Outside the Lines did an excellent report yesterday about the shrinking numbers of women coaches in women’s college basketball. Women’s collegiate athletic programs have grown exponentially since Title IX forty years ago. That growth has never been more evident than in women’s college basketball. Due to pioneers like Pat Summit the women’s college basketball programs have turned into very desirable jobs for both men and women. Because the jobs at these programs are of higher profile now the women in these positions has gone down drastically. As ESPNW per a Brooklyn college survey by professors emerita R. Vivian Acosta and Linda Jean Carpenter reports that in as of now the number of women coaching women’s programs has plummeted to 42.9 percent. Well, the main reason why the number is declining is because men now want to coach women programs. However, women do not have that opportunity to coach men making it more difficult women for to breaking into the coaching ranks.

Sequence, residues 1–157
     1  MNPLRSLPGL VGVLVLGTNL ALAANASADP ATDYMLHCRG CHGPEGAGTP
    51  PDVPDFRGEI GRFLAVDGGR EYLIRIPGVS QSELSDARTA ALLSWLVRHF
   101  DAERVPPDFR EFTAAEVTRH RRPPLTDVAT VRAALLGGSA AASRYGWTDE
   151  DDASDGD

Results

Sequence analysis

There was one segment of the story that was particularly troubling. Virginia Tech’s Dennis Wolff who had coached men’s team at Boston University was hired for the head women’s basketball coach because AD Jim Weaver amongst other things like the fact that Wolff’s daughter had played basketball at UCONN and he liked the way Wolff related his daughter. Basically what the AD is saying that Wolff got a Division I coaching job because his daughter played at UCONN. How many women have had son’s or daughter’s that have play Division I sport and not have the opportunity to coach at such a high level. I have no problem with Wolff having the opportunity to coach but AD Weaver’s reason why Wolff got the job is absolutely ridiculous.
Men have ability to choose to coach women or men. For a woman who choice is not available. I’m not saying that men should not be applying for head coaching jobs. It is up to AD’s of these university to start to think outside the box and give a woman an opportunity to coach men. There is nothing biologically that keeps a woman for coaching a men’s team just like there’s nothing that makes a man better at coaching women. 40 years after Title IX women are still struggling for equality. Below is a link to the Outside the Lines Report http://espn.go.com/video/clip?id=8052151
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